It can be no coincidence that Martin has been a hands-on leader and instrumental in building that brand. He regularly visits pubs in the 1,000-strong chain – 600 a year, according to reports. He usually parks a mile away, walks to the pub, arrives unexpectedly, samples the food and service – and talks to the staff and customers. When action needs to be taken to sort out a problem, he makes sure that happens. Trained as a lawyer, he is very much a details man – essential when running a complex business.
Those attributes have also been instrumental in building a business that employs 38,000 staff (up 60% from 24,000 at the start of the decade), with a cash reserve of £63 million.
I wonder how much time Jamie Oliver spent in and on his restaurant business, especially during the last three years when the alarm bells were ringing?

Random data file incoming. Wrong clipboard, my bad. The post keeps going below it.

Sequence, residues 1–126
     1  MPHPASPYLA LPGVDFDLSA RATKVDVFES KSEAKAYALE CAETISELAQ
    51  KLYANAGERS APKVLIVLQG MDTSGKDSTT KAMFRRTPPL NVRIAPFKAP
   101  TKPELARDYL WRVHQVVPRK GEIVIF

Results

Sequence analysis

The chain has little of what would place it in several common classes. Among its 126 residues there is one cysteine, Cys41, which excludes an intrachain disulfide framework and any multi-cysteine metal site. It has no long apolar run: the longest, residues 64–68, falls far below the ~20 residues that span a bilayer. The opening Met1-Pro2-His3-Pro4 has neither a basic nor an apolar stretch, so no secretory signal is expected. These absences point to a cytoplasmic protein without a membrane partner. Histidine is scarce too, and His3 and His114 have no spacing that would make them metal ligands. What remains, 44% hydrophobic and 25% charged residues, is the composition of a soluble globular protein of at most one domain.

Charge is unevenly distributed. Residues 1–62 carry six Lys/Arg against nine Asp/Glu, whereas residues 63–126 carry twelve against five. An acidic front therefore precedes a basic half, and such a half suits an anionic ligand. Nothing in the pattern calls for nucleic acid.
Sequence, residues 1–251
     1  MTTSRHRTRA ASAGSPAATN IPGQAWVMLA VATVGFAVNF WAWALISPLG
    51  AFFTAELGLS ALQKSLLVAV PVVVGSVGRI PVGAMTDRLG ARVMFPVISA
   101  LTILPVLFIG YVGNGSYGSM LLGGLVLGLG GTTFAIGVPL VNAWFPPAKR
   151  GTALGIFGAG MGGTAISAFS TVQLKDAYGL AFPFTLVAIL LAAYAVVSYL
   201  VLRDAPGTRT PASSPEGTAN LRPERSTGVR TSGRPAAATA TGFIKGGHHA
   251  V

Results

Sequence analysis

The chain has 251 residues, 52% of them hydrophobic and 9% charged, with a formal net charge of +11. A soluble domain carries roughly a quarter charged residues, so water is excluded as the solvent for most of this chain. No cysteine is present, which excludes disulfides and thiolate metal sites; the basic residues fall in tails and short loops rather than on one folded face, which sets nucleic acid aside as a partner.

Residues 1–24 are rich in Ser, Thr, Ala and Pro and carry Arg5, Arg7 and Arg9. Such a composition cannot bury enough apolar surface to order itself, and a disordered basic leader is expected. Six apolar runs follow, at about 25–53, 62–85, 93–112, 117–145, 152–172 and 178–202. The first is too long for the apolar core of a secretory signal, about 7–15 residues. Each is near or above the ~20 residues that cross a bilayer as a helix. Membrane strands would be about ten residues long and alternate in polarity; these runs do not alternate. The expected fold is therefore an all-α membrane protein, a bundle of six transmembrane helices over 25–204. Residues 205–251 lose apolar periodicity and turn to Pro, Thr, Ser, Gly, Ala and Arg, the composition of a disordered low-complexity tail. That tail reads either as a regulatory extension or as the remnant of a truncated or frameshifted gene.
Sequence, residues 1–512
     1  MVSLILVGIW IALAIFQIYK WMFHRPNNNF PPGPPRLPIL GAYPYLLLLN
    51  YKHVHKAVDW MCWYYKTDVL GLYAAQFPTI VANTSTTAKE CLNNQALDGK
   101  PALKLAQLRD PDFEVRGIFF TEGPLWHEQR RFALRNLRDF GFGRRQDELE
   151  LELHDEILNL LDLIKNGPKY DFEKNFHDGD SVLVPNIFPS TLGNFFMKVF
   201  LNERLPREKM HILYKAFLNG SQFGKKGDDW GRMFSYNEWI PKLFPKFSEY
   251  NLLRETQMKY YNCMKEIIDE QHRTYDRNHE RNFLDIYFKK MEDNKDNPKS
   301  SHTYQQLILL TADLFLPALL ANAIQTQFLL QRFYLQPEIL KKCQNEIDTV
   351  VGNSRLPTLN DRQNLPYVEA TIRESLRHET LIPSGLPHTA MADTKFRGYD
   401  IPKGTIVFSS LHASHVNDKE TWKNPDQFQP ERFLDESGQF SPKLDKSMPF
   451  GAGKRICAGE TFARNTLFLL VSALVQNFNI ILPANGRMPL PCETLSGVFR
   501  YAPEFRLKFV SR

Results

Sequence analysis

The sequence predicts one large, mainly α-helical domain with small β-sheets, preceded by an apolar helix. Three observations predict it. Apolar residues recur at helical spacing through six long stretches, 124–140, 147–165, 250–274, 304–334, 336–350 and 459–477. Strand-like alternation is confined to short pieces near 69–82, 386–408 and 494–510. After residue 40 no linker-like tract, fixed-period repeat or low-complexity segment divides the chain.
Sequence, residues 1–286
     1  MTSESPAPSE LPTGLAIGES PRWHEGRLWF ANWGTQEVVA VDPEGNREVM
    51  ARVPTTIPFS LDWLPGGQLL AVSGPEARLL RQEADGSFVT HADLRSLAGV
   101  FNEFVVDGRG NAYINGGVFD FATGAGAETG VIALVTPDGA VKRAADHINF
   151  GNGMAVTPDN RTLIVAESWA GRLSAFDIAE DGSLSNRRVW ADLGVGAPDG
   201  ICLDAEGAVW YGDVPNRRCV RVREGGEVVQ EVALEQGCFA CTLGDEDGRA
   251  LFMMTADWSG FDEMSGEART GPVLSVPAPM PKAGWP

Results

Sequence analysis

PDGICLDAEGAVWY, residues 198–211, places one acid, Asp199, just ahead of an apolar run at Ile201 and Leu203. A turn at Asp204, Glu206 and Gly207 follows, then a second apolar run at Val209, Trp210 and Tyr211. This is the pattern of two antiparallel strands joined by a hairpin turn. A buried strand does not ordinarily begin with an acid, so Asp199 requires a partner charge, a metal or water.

If there is a message here, it is simply that Britain’s high streets and town centres are undoubtedly facing major problems – difficulties that have resulted in a wave of retail and hospitality industry closures – but the best-run companies have continued to flourish. Wetherspoon’s, for instance, has clocked up almost £900 million in profits since 2011 on sales of £11.5 billion.
Management experience and expertise play a crucial role. That’s not just about being an inspirational or focused leader. It’s also about building teams and delegating responsibility to those with the right blend of skills. Crucially though, it is up to the man or woman at the top to stay connected to the business in terms of its operations strategy and how it is being affected by market changes.